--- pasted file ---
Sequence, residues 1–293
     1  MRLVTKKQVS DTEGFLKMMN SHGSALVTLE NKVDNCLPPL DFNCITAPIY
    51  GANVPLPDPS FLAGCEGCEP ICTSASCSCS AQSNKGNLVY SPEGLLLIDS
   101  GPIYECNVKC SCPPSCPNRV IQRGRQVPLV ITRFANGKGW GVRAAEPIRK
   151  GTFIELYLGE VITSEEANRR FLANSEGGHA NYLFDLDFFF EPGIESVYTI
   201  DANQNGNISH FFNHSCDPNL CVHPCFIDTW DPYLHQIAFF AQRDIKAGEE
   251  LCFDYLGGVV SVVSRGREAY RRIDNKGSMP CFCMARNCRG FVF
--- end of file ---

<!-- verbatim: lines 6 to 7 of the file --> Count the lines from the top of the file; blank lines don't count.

   201  DANQNGNISH FFNHSCDPNL CVHPCFIDTW DPYLHQIAFF AQRDIKAGEE
   251  LCFDYLGGVV SVVSRGREAY RRIDNKGSMP CFCMARNCRG FVF